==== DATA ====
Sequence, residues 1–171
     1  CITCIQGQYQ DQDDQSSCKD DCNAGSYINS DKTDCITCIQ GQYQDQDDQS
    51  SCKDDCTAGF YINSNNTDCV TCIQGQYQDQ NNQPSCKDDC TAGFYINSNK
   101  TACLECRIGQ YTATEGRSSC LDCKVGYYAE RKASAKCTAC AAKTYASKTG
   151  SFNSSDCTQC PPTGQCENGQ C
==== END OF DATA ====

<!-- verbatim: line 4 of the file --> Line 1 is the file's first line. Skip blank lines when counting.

   101  TACLECRIGQ YTATEGRSSC LDCKVGYYAE RKASAKCTAC AAKTYASKTG